If the Court majority had been truly concerned about the equal protection of all voters, the real equal protection violation, of course, took place when they cut off the counting of the undervotes. As indicated, that very act denied the 50 million Americans who voted for Gore the right to have their votes count at all. It misses the point to argue that the five Justices stole the election only if it turns out that Gore overcame Bush's lead in the undervote recount. We're talking about the moral and ethical culpability of these Justices, and when you do that, the bell was rung at the moment they engaged in their conduct. What happened thereafter cannot unring the bell and is therefore irrelevant. To judge these Justices by the final result rather than by their intentions at the time of their conduct would be like exonerating one who shoots to kill if the bullet misses the victim. With that type of extravagant reasoning, if the bullet goes on and accidentally strikes down a third party who is about to kill another, perhaps the gunman should ultimately be viewed as a hero.

    Other than the unprecedented and outrageous nature of what the Court did, nothing surprises me more than how it is being viewed by the legal scholars and pundits who have criticized the opinion. As far as I can determine, most have correctly assailed the Court for issuing a ruling that was clearly political. As the December 25 Time capsulized it, "A sizable number of critics, from law professors to some of the Court's own members, have attacked the riding as ... politically motivated." A sampling from a few law professors: Vanderbilt professor Suzanna Sherry said, "There is really very little way to reconcile this opinion other than that they wanted Bush to win." Yale's Amar lamented that "for Supreme Court watchers this case will be like BC and AD. For many of my colleagues, this was like the day President Kennedy was assassinated. Many of us [had] thought that courts do not act in an openly political fashion." Harvard law professor Randall Kennedy called the decision "outrageous."

    The only problem I have with these critics is that they have merely lost respect for and confidence in the Court. "I have less respect for the Court than before," Amar wrote. The New York Times said the ruling appeared "openly political" and that it "eroded public confidence in the Court." Indeed, the always accommodating and obsequious (in all matters pertaining to the High Court, in front of which he regularly appears) Harvard law professor Laurence Tribe, who was Gore's chief appellate lawyer, went even further in the weakness of his disenchantment with the Court. "Even if we disagree" with the Court's ruling, he said, Americans should "rally around the decision."

    Sometimes the body politic is lulled into thinking along unreasoned lines. The "conventional wisdom" emerging immediately after the Court's ruling seemed to be that the Court, by its political ruling, had only lost a lot of credibility and altitude in the minds of many people. But these critics of the ruling, even those who flat-out say the Court "stole" the election, apparently have not stopped to realize the inappropriateness of their tepid position vis-á-vis what the Court did. You mean you can steal a presidential election and your only retribution is that some people don't have as much respect for you, as much confidence in you? That's all? If, indeed, the Court, as the critics say, made a politically motivated ruling (which it unquestionably did), this is tantamount to saying, and can only mean, that the Court did not base its ruling on the law. And if this is so (which again, it unquestionably is), this means that these five Justices deliberately and knowingly decided to nullify the votes of the 50 million Americans who voted for Al Gore and to steal the election for Bush. Of course, nothing could possibly be more serious in its enormous ramifications. The stark reality, and I say this with every fiber of my being, is that the institution Americans trust the most to protect its freedoms and principles committed one of the biggest and most serious crimes this nation has ever seen--pure and simple, the theft of the presidency. And by definition, the perpetrators of this crime have to be denominated criminals.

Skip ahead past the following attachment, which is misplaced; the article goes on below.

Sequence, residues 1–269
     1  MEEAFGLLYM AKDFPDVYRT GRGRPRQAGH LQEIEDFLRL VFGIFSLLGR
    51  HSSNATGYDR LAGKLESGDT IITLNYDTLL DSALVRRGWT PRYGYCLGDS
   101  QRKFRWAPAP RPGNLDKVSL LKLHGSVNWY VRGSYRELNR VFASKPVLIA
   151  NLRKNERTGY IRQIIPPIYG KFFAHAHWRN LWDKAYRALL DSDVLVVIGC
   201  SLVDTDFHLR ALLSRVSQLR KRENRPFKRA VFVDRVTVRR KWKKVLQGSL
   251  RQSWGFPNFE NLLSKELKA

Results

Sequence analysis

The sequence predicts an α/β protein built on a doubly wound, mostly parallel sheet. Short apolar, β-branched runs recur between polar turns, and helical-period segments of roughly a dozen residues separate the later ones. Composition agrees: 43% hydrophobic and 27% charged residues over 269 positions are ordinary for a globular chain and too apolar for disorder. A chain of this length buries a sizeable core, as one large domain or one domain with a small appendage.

Since the notion of five Supreme Court Justices being criminals is so alien to our sensibilities and previously held beliefs, and since, for the most part, people see and hear, as Thoreau said, what they expect to see and hear, most readers will find my characterization of these Justices to be intellectually incongruous. But make no mistake about it, I think my background in the criminal law is sufficient to inform you that Scalia, Thomas et al. are criminals in the very truest sense of the word.

    Essentially, there are two types of crimes: malum prohibitum (wrong because they are prohibited) crimes, more popularly called "civil offenses" or "quasi crimes," such as selling liquor after a specified time of day, hunting during the off-season, gambling, etc.; and malum in se (wrong in themselves) crimes. The latter, such as robbery, rape, murder and arson, are the only true crimes. Without exception, they all involve morally reprehensible conduct . Even if there were no law prohibiting such conduct, one would know (as opposed to a malum prohibitum crime) it is wrong, often evil. Although the victim of most true crimes is an individual (for example, a person robbed or raped), such crimes are considered to be "wrongs against society." This is why the plaintiff in all felony criminal prosecutions is either the state ( People of the State of California v. ___________) or the federal government ( United States of America v. _____________).